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Old 01-03-2012, 11:18 AM   #16
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Question: 3/4 Scotia trim on stairway skirt. Glue, nail, both?


Here's where I am at with my repair.

By the way, my personal feeling is that 1 jpg is worth 1000 txt's. If the forum would rather I post my pix elsewhere and reference them by link, I would be glad to do do that. Please let me know.

I am posting (if it will let me) 6 pix. 1. Is a "stud map" of the rake wall in question. The next 4 (in order) are where the stringer meets the rake wall displaying detailing the stringer/spacer gaps. The last one is the middle stringer.

Now that it is exposed, as far as fastening the stringer to the wall goes, I was thinking of getting some 4" 1/4" or 5/16" lag bolts with washers and lagging the stringer to each of the exposed studs (or the cap on the rake wall). Or I have a box of 4" Deck-Mate screws I could use as well. I would use the recommend PL premium above as well. I was also going to space out/shim the existing gaps accordingly so as not to "stress" the infrastructure when snugging it up.

With regard to the middle stringer, It appears that I have enough room for a 2x4 between the cutouts and the back edge of the stringer. I was going to PL and screw a 2x4 on to this for added stiffening. Finding a 10 foot steel plate locally is going to be difficult for me. I have a great hardwood place close by, given my limited dimensions, is there a better wood than a 2x4 to use for this purpose? I don't want to remove the rest of the sheet rock unless necessary, so I don't have access to the other side of the stringer.

Thoughts? Comments? Suggestions?

Thanks again for all the help.
Attached Thumbnails
Question: 3/4 Scotia trim on stairway skirt. Glue, nail, both?-stud-map.jpg   Question: 3/4 Scotia trim on stairway skirt. Glue, nail, both?-stud1.jpg   Question: 3/4 Scotia trim on stairway skirt. Glue, nail, both?-stud-2.jpg   Question: 3/4 Scotia trim on stairway skirt. Glue, nail, both?-stud-3.jpg   Question: 3/4 Scotia trim on stairway skirt. Glue, nail, both?-stud-4.jpg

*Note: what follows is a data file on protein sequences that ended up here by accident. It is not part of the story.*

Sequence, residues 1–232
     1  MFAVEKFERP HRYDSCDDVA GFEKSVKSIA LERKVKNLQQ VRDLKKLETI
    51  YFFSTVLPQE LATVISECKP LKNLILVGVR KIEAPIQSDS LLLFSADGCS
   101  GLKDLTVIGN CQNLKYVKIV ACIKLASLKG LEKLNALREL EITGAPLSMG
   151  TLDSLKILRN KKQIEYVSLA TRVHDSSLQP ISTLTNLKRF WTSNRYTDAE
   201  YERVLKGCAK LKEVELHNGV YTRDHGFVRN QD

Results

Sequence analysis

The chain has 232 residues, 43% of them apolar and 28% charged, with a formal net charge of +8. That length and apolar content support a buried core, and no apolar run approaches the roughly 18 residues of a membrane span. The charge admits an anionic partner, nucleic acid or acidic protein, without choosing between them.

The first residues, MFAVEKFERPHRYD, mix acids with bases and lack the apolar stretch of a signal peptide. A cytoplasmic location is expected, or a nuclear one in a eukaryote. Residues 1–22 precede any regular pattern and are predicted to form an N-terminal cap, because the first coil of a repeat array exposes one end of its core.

Question: 3/4 Scotia trim on stairway skirt. Glue, nail, both?-middle-stringer.jpg  

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Old 01-03-2012, 08:43 PM   #17
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Question: 3/4 Scotia trim on stairway skirt. Glue, nail, both?


It looks like you pretty well have a plan, as for the gaps I would just put some glue on both sides of shims and install them in the gaps and cut off flush with the bottom of the stringers. Once you have the stringers lagged or screwed you can check to see if there is any bounce before doing anything to the center stringer, you may be OK without doing anything to it. If it were mine I would add a header half way of the stairs if there were any bounce.
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Old 01-03-2012, 09:22 PM   #18
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Question: 3/4 Scotia trim on stairway skirt. Glue, nail, both?


Look at the riser to tread connections. If the riser is not screwed into the back of the tread every 6 to 8 inches get some Kreg screws and do so. When attached in this manner the riser will add some support.
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Old 01-03-2012, 09:40 PM   #19
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Question: 3/4 Scotia trim on stairway skirt. Glue, nail, both?